SUMMARY:

    More recent attempts at making artificial corneas have taken a more nature-based or nature-inspired approach. Several will in the near future be likely to be available clinically.

  • 35.
    Griffith, May
    et al.
    University of Ottawa.
    Jackson, W B
    University of Ottawa.
    Lagali, Neil
    Linköping University, Department of Clinical and Experimental Medicine, Ophthalmology. Linköping University, Faculty of Health Sciences. Östergötlands Läns Landsting, Reconstruction Centre, Department of Ophthalmology UHL/MH.
    Merrett, K
    University of Ottawa.
    Li, F
    University of Ottawa.
    Fagerholm, Per
    Linköping University, Department of Clinical and Experimental Medicine, Ophthalmology. Linköping University, Faculty of Health Sciences. Östergötlands Läns Landsting, Reconstruction Centre, Department of Ophthalmology UHL/MH.
    Artificial corneas: a regenerative medicine approach2009In: EYE, ISSN 0950-222X, Vol. 23, no 10, p. 1985-1989Article in journal (Refereed)
    Abstract [en]

    Corneal substitutes are being developed to address the shortage of human donor tissues as well as the current disadvantages in some clinical indications, which include immune rejection. In the past few years, there have been significant developments in bioengineered corneas that are designed to replace part or the full thickness of damaged or diseased corneas that range from keratoprostheses that solely address the replacement of the corneas function, through tissue-engineered hydrogels that permit regeneration of host tissues. We describe examples of corneal substitutes that encourage regeneration of the host tissue. We also contend that it is unlikely that there will be a single "one-size-fits-all corneal substitute for all indications. Instead, there will most likely be a small range of corneal substitutes ranging from prostheses to tissue-engineered matrix substitutes that are tailored to different clusters of clinical indications. The tissue-engineered matrices can either be produced as sterile acellular matrices, or complete with functional cells, ready for implantation.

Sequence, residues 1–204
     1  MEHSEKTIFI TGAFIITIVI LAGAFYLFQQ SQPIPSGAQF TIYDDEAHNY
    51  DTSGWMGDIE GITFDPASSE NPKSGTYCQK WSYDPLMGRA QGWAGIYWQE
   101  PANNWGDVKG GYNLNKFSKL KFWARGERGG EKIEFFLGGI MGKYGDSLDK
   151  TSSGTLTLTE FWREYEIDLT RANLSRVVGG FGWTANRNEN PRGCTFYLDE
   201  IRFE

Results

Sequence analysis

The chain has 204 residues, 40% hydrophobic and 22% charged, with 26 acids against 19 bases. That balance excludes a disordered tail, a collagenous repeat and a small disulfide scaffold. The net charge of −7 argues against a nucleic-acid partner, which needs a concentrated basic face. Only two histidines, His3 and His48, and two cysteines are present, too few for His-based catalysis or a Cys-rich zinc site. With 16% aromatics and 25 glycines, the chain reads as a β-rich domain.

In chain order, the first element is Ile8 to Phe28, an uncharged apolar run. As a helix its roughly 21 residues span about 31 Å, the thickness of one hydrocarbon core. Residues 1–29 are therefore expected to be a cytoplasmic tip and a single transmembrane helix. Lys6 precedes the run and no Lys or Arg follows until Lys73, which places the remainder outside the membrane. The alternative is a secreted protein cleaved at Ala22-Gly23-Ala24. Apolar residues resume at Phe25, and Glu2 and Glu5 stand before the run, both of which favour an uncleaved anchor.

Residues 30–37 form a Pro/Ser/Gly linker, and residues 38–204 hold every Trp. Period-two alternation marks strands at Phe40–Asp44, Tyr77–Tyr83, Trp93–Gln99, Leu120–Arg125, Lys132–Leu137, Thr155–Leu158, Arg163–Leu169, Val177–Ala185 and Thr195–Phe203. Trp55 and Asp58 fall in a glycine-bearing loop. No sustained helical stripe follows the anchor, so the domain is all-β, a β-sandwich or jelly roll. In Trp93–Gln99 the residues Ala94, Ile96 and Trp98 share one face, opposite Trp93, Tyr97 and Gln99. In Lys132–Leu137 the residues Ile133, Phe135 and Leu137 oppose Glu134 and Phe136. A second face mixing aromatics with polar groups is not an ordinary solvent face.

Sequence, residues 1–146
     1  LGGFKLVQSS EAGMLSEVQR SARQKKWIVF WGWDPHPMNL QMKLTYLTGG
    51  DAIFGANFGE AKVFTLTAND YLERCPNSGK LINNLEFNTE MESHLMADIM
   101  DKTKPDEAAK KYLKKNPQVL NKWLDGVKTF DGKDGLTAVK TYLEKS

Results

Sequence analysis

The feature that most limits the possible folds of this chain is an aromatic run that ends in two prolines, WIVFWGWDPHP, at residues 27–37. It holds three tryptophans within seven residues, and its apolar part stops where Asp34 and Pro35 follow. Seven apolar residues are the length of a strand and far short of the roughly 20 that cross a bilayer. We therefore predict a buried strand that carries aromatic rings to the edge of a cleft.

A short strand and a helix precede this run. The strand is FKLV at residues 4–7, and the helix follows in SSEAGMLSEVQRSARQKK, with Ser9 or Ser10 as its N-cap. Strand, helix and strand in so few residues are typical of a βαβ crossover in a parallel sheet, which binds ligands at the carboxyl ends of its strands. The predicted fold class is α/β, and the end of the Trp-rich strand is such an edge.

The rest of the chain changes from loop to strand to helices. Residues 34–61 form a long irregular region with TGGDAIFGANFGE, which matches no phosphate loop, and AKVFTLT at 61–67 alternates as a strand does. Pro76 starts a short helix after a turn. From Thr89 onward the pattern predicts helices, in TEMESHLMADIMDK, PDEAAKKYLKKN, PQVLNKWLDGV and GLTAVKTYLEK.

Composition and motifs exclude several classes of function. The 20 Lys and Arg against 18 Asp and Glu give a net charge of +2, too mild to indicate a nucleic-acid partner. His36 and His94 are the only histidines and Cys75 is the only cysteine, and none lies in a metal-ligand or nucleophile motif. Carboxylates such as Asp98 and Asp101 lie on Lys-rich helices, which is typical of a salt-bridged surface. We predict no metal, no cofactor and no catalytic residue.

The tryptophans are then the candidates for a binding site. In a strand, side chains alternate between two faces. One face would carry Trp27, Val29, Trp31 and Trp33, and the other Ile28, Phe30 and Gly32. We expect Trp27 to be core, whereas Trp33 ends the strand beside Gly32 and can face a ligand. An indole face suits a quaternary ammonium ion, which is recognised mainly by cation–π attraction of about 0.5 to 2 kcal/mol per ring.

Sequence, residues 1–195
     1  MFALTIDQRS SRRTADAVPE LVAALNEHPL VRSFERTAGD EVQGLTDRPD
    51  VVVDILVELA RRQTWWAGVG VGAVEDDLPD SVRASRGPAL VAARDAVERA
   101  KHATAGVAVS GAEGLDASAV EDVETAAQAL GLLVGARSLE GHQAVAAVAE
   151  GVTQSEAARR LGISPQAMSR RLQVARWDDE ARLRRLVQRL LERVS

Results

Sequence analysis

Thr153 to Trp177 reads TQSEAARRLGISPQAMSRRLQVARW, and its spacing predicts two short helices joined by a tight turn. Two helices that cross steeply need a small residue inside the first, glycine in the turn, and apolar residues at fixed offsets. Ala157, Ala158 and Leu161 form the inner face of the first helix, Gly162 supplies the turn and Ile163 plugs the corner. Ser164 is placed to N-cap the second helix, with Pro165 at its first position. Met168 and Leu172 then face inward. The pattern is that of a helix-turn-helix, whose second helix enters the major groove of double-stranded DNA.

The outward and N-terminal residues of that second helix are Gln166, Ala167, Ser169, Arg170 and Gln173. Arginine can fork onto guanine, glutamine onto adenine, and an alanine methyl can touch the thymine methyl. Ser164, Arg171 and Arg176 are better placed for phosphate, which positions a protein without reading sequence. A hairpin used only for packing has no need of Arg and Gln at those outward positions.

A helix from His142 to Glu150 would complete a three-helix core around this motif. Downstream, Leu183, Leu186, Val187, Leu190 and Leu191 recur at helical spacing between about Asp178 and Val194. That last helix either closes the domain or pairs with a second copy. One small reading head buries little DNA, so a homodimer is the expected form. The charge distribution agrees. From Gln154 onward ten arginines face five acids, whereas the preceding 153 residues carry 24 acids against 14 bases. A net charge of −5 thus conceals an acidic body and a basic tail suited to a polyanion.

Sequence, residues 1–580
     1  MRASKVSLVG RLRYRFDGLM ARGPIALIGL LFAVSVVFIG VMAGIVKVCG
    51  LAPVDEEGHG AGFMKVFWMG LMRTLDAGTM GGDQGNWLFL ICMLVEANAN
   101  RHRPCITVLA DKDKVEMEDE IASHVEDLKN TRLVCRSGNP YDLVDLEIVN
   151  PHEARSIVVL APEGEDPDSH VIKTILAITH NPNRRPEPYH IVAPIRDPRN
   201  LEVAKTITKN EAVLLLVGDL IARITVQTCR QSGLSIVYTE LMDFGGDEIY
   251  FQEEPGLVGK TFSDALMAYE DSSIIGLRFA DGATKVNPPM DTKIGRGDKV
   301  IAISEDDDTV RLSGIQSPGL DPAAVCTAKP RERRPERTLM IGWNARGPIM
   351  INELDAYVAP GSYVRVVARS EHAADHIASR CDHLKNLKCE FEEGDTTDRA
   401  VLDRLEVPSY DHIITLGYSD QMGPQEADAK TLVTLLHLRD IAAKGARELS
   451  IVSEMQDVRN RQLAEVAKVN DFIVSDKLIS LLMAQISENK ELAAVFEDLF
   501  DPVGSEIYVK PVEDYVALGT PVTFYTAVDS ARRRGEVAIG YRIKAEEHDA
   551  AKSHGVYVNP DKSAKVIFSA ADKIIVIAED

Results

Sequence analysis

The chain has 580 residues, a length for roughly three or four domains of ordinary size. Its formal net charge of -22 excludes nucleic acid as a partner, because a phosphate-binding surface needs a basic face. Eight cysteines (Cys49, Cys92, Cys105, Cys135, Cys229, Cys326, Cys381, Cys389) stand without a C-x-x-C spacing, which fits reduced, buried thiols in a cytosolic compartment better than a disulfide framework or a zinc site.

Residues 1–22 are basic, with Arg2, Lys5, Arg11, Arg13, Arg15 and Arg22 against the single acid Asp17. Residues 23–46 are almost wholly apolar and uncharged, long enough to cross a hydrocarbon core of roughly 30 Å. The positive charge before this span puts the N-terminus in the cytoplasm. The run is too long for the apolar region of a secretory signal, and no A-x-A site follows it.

• 36.
    Griffith, May
    et al.
    Linköping University, Department of Clinical and Experimental Medicine, Division of Cell Biology. Linköping University, Faculty of Medicine and Health Sciences.
    Lee, Chyan-Jang
    Linköping University, Department of Clinical and Experimental Medicine. Linköping University, Faculty of Medicine and Health Sciences.
    Buznyk, Oleksiy
    Linköping University, Department of Clinical and Experimental Medicine, Division of Neuro and Inflammation Science. Linköping University, Faculty of Medicine and Health Sciences. Filatov Inst Eye Dis and Tissue Therapy, Ukraine.
    Artificial Corneas, and Reinforced Composite Implants for High Risk Donor Cornea Transplantation2017In: The Stem Cell Microenvironment and its Role in Regenerative Medicine and Cancer Pathogenesis, RIVER PUBLISHERS , 2017, Vol. 7, p. 93-102Conference paper (Refereed)
    Abstract [en]

    Here, we review examples of artificial corneas that have been developed as alternatives to donor cornea transplantation. These consist of artificial corneas developed as prostheses and regenerative scaffolds. Examples of reinforced and composite implants developed within our group are profiled.

  • 37.
    Griffith, May
    et al.
    Linköping University, Department of Clinical and Experimental Medicine, Ophthalmology. Linköping University, Faculty of Health Sciences.
    Polisetti, Naresh
    Linköping University, Department of Clinical and Experimental Medicine. Linköping University, Faculty of Health Sciences.
    Kuffova, Lucia
    University of Aberdeen, Scotland .
    Gallar, Juana
    University of Miguel Hernandez, Spain .